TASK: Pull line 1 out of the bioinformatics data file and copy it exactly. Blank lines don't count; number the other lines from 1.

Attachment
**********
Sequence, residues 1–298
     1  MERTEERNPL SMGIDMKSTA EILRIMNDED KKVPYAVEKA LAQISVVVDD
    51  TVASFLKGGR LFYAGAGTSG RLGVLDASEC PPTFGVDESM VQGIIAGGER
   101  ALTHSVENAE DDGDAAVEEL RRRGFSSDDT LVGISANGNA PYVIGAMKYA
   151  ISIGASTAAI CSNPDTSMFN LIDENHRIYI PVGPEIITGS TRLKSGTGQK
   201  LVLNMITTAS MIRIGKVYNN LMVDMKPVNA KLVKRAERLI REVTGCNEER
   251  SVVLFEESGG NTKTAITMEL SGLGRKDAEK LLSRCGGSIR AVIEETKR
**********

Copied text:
Sequence, residues 1–298